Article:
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My Japanese friend asked me whether I believe in an afterlife.

I wanted to say, "I don't believe, but also I don't not believe." My point is that while I do not believe, I like to keep an open mind.

I intentionally use the double negative, because the meaning is different from simply collapsing the double negative into a positive: "I don't believe, but also I believe," which makes no sense.

The best I could come up with in my clunky Japanese is "信じていないけど信じたい" but that doesn't really say what I want either.

Is there a better way to get my point across? Does Japanese make possible these kinds of tortuous constructs?

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    I wonder if you could say 信じることも信じないこともない. I mean, that's what I'd say, but I often (usually?) say stuff wrong, so I don't want to post it as an answer. – snailboat Aug 28 '13 at 7:30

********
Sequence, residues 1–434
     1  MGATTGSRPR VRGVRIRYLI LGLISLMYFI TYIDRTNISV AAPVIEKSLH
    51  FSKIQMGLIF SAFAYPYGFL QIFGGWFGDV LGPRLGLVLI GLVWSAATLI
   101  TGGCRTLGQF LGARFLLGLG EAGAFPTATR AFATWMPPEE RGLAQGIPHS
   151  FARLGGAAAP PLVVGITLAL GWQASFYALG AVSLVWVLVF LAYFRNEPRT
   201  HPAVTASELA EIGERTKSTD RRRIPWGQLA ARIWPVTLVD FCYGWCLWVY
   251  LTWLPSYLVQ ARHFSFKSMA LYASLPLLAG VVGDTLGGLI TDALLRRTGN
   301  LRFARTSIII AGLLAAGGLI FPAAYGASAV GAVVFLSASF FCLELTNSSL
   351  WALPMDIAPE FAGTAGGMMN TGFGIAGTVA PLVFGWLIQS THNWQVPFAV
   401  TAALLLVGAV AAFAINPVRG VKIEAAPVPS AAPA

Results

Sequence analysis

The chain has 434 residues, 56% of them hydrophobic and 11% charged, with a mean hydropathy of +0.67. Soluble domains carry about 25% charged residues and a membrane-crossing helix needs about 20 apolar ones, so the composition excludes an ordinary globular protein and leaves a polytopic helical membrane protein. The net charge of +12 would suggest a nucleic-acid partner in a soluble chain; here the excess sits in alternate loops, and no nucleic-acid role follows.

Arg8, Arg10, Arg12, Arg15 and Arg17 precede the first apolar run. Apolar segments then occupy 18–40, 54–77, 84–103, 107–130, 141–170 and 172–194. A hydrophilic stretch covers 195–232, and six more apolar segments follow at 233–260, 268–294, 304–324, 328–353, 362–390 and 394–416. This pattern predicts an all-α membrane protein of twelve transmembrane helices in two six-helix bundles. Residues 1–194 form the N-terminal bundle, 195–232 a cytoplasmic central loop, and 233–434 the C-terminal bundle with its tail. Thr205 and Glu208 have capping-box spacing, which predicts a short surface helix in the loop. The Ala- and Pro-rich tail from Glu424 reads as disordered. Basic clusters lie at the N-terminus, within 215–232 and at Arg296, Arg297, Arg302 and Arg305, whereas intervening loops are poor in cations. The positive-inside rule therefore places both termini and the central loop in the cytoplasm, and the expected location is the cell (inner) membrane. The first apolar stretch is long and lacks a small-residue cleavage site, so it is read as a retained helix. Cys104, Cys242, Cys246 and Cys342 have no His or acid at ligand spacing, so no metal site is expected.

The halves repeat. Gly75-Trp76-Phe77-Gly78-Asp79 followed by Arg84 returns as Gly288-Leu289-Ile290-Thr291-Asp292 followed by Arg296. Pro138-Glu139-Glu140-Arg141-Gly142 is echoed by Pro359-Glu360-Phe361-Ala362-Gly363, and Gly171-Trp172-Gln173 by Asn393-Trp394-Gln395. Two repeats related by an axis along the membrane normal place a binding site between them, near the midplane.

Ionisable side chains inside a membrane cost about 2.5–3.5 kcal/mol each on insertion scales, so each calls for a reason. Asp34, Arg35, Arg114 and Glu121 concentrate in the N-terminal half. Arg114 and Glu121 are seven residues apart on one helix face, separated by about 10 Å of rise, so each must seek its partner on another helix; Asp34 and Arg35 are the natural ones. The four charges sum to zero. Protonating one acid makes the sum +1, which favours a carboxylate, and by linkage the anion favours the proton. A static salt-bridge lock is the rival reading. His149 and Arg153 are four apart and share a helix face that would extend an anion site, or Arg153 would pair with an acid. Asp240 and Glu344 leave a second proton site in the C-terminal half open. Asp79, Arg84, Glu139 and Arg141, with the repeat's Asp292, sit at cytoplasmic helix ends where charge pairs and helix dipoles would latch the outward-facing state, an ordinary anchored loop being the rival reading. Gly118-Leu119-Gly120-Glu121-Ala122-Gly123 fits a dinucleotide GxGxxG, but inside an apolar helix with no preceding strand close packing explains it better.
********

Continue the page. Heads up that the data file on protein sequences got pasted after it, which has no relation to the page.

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I would say it as 信じても信じなくもない or 信じてはないけど、信じなくもない.

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    "信じなくてもない" means something like "even if you don't believe, it doesn't exist". To say "It's not that I don't believe", you could say 信じてなくもない. – dainichi Aug 28 '13 at 4:37

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